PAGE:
Photo by Jeylin White
Arnold Elementary students were eager to eat lunch.
Kindergartners at Arnold Elementary School walked quietly in a single-file line into the school cafeteria on a sunny Tuesday. A few fidgeted, some rubbed their stomachs and licked their lips, salivating from the aromas that filled the lunchroom.
“No one is going to get fat eating school lunches.”
— Judy Hogg, director of school nutrition for Henry County Public Schools.
On the menu was: Chicken over rice, turkey and cheese sub, green beans, celery and carrot sticks, peach cup and fresh pears. To wash it down, varieties of milk — chocolate, strawberry, vanilla, lactose-free, or just plain vitamin D.
“It’s mmm, mmm, good to me,” said Marlon, an Arnold Elementary kindergartner filling his mouth with green beans.
That’s happening, not just at Arnold Elementary, but at Henry County Middle in McDonough, too.
“I really thought it was going to be a challenge,” said Tonya Battle, a nutrition assistant at Henry Middle. “But they are taking everything. We’ve never had to go back and cook more green beans. We do now.”
According to Henry and Clayton school officials, this year’s lunch menus are slightly different from last year.
Both counties had to update their menus as part of the required mandates of the United States Department of Agriculture which went into effect the beginning of the school year. School officials said the ‘New Meal Pattern’ is a key component of the Healthy Hunger-Free Kids Act of 2010.
“We are excited about the USDA New Meal Pattern changes that has taken place this school year,” said Audrey Hamilton, director of school nutrition for Clayton County Public Schools. “The school nutrition program has planned menus with more variety to meet the meal requirement.”
Those changes include: more whole grain-rich foods, more fruits and an increased variety of veggies, low-fat milk and fat-free milk choices, sodium reductions and trans-fat removal. As well as matching portion sizes with age groups.
“It’s always important for students to get the proper nutrition they need,” added Judy Hogg, director of school nutrition for Henry County Public Schools. “Students need the protein and grains to sustain them throughout the day.”
It’s not often you hear elementary students in favor of eating school lunches, especially if vegetables are in the equation. Brennen, another 5-year-old kindergartner at Arnold, was happy to be eating more veggies and fruit.
“It tastes better than my food at home,” said Brennen.
Meanwhile a small group of eighth-graders debated the benefits of the new school lunch menu at Henry County Middle School.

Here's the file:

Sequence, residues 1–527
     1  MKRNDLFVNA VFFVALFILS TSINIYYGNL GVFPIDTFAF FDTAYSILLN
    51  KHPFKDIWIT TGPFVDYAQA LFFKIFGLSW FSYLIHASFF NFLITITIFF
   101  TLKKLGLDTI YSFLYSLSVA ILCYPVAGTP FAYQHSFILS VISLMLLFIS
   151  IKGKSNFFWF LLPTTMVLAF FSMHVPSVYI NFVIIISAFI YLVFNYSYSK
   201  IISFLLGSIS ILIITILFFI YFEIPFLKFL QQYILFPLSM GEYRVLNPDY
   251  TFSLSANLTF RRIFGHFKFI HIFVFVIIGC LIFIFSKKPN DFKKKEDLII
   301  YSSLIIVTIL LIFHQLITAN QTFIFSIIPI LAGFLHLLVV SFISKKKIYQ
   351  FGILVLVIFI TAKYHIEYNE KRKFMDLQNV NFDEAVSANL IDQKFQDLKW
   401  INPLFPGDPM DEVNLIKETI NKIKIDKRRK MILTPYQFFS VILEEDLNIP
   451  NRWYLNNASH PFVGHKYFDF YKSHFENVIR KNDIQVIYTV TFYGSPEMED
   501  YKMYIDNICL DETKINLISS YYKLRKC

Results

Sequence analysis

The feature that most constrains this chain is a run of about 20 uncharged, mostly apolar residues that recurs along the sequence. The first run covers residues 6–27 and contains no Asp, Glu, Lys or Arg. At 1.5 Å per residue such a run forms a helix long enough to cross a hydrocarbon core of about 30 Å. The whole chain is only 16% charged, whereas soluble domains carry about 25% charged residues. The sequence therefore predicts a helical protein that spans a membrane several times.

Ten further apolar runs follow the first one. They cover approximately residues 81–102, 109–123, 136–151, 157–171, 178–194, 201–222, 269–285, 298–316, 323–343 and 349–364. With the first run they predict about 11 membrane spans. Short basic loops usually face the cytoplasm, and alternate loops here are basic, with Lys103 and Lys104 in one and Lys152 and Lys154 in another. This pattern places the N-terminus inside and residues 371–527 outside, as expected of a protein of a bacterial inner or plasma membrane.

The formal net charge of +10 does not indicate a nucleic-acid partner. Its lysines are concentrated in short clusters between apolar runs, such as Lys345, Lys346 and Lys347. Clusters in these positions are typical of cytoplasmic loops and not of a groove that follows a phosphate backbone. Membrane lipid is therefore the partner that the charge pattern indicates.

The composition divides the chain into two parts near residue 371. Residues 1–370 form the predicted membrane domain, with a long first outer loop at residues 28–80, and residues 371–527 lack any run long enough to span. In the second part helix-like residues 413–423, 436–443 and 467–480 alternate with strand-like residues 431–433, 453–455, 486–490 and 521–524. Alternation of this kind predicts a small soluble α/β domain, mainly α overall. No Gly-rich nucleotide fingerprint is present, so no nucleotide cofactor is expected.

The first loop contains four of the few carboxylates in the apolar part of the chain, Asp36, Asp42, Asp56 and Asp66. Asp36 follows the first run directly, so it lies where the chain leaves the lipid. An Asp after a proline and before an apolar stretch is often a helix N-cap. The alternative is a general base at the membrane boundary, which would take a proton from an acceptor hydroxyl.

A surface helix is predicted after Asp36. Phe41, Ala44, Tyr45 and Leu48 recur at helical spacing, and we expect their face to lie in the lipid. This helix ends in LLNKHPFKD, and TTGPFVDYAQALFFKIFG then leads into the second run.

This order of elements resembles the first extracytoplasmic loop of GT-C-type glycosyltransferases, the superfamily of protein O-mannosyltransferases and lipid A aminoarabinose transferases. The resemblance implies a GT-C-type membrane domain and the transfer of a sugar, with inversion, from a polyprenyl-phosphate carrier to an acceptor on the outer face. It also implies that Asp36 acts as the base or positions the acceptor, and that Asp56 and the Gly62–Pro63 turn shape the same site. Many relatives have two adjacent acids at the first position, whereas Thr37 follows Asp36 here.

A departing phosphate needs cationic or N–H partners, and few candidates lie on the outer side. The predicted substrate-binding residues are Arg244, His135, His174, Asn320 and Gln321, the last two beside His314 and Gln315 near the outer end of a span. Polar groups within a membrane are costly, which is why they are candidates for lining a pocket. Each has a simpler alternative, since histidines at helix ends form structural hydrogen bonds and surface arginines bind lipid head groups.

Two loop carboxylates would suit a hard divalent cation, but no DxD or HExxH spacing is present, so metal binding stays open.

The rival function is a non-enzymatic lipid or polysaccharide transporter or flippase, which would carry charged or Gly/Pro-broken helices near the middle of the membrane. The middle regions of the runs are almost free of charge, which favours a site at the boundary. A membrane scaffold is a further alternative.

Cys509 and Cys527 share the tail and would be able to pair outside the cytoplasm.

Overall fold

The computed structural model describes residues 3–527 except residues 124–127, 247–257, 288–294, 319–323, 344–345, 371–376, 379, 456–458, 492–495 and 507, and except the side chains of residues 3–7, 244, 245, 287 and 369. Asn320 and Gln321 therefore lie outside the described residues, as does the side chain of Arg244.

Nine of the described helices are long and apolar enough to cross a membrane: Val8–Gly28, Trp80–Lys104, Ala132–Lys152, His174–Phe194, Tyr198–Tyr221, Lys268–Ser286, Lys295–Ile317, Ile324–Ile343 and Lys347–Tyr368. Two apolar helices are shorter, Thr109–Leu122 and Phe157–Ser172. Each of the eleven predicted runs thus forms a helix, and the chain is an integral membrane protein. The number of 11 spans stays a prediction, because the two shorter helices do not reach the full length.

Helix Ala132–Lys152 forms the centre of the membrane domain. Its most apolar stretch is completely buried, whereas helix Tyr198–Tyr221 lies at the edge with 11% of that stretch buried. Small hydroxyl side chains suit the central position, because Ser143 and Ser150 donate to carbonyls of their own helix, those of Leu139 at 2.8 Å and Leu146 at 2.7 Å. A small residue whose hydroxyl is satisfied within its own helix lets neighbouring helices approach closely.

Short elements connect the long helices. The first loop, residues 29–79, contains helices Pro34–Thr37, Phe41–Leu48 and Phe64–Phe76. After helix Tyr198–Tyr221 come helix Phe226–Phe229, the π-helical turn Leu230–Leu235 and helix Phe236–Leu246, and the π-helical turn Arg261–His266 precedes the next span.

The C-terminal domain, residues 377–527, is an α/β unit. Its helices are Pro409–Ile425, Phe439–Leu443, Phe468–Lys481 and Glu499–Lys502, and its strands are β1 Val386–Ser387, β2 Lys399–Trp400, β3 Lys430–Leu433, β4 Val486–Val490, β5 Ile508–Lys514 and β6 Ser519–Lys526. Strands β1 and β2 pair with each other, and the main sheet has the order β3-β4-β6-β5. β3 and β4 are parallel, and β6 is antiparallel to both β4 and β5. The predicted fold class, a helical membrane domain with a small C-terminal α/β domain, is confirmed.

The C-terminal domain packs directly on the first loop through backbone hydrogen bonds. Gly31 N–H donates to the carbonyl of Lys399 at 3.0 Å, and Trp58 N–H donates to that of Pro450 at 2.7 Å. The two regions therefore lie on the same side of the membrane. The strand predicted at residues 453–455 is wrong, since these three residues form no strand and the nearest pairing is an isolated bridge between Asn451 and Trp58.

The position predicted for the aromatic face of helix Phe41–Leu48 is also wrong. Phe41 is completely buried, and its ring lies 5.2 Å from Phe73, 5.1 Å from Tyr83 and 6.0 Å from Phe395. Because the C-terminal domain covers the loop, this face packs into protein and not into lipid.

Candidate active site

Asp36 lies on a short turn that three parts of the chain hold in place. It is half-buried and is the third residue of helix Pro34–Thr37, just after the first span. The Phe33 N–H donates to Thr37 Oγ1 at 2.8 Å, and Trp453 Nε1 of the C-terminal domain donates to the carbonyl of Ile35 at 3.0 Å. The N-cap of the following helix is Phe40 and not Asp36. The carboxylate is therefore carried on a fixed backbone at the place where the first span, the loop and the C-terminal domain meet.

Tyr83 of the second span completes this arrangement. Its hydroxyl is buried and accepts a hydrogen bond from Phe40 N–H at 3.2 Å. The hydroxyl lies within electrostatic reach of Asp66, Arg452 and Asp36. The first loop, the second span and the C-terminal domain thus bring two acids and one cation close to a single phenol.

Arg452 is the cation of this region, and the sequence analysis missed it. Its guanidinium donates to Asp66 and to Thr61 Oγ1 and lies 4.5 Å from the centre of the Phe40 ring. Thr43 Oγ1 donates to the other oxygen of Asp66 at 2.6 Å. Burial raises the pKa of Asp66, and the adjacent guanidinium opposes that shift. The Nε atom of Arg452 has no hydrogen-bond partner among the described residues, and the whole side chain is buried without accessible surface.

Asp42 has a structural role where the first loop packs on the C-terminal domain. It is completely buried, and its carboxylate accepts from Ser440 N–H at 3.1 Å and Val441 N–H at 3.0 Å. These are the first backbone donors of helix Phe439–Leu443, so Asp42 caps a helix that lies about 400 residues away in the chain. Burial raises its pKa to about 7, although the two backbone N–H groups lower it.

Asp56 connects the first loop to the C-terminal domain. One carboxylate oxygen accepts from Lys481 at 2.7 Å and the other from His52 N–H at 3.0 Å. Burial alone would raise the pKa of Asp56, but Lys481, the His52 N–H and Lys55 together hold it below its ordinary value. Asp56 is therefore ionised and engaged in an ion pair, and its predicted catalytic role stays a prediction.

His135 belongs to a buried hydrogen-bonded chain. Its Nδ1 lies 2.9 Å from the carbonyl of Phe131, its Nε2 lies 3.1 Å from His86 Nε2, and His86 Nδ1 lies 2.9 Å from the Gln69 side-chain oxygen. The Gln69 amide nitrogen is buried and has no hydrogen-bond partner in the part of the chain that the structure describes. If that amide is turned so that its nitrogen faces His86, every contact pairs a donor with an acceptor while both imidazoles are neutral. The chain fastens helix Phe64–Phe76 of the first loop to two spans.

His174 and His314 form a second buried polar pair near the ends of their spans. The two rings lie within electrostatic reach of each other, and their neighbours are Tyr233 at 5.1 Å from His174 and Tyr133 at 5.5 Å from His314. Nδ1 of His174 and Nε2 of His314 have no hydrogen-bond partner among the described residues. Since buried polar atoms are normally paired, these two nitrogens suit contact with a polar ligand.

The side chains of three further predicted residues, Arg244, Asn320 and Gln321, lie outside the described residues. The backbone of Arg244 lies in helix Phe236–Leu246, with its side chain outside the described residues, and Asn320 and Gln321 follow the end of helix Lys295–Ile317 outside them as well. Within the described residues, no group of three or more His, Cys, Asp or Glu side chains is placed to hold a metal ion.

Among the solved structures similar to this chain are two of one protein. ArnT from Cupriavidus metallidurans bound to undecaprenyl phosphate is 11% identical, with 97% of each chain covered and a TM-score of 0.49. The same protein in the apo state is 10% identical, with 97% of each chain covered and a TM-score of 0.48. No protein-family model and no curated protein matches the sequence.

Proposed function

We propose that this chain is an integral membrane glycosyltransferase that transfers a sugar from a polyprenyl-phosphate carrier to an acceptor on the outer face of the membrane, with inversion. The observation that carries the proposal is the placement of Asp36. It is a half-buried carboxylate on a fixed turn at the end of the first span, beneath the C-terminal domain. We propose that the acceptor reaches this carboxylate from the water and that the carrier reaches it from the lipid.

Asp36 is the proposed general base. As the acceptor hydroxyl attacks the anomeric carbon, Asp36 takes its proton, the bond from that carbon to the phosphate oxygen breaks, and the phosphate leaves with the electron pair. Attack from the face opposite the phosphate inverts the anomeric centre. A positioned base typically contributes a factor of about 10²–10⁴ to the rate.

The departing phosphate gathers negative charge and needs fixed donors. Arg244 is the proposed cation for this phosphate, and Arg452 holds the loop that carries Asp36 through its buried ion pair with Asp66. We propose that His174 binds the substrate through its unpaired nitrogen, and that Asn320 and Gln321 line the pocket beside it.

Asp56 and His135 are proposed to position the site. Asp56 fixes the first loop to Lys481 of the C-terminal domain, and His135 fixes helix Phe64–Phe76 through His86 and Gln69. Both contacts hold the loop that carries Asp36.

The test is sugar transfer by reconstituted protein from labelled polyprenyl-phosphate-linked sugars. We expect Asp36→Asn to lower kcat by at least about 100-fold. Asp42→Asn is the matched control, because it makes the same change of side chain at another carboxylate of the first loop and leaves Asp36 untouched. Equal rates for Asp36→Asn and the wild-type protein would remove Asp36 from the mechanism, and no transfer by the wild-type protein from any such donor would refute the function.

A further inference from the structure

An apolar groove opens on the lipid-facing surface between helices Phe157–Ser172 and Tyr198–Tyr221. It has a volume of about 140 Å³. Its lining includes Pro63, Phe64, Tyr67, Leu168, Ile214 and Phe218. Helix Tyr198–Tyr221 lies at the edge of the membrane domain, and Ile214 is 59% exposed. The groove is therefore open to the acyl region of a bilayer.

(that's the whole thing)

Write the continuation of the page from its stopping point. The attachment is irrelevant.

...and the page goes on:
Hussain Raza, 13, declared he is willing to eat nearly anything he can microwave, while his friend, Elizabeth Duncan, prefers the more abundant fruit and vegetable choices.
“I don’t really like meat,” said Duncan, 13. “Usually, I like fruit and vegetables.”
“There are a lot more choices,” added Herbert Green, 13. “It tastes better, too.”
School nutrition assistants, Tonya McClain and Markysa Williams, are part of the crew who work daily to prepare lunch meals for the 760 students at Henry County Middle.
“They like it,” said McClain.
“They love the chicken sandwiches,” interjected Williams.
Their team of cooks includes fellow nutrition assistants, Battle and Lisa Holland, and school nutrition manager, Audrey Henry, who all agree that students have quickly adjusted to the new meal offerings.
Battle said students eat two ounces of chicken on their sliders now, compared to four ounces per sandwich in past years.
Henry pointed out that the lunchroom no longer fries foods. She said those things that were fried are now baked.
“They [the students] are happier and smiling, and there are clean plates,” said Kimberly Anderson, principal at Henry County Middle. “I agree with offering the healthier food. That is a major part of student achievement — that students have healthier bodies and healthier minds.
Hogg and Hamilton both agreed students who eat school lunches will not only receive the proper nutrition but will also help tackle the childhood obesity epidemic seen across the state.
“No one is going to get fat eating school lunches,” said Hogg. “If you look at the portion sizes in school lunches, there’s not a lot of calories.”
Both school systems go by a process called, Offer vs. Serve, which means students are allowed to choose food items from menu they wish to eat, and then they are served. However, Offer vs. Serve is not something implemented in elementary schools in Henry County, said Hogg.
Hogg and Hamilton said posters are hung in the school cafeteria’s with a list of nutritional values. They said the posters are vital because it will help the student to make healthier choices.
“We call it a learning laboratory,” said Hamilton.
When it comes to planning the school menu for the year, Hogg and Hamilton adhere to different strategies.
Hamilton said her and co-worker Alice Riley, district coordinator and nutritionist, gather a committee of teachers, students, board members and parents who taste the foods and decide what food items will be ideal for students.
“We really try to keep the best interest of students at heart and serve food we know they will like,” said Riley.
However, Hogg doesn’t need a panel. She said she has been with the Henry school system long enough to know what students like.
“After being here 31 years, I have seen a lot and children all seem to eat the same general way,” said Hogg. “Most kids like anything in a bun or pizza.”
She also added many students like chicken sandwiches or chicken fingers.
“Students like to pick things up with their hands and like they also like foods that are smooth in texture,” she said.
Hamilton said the Clayton county school system served 11 million meals last year, while in Henry Hogg said they served 4.5 million meals — about 25,000 per week.
Daily Herald staff writer Johnny Jackson contributed to this article.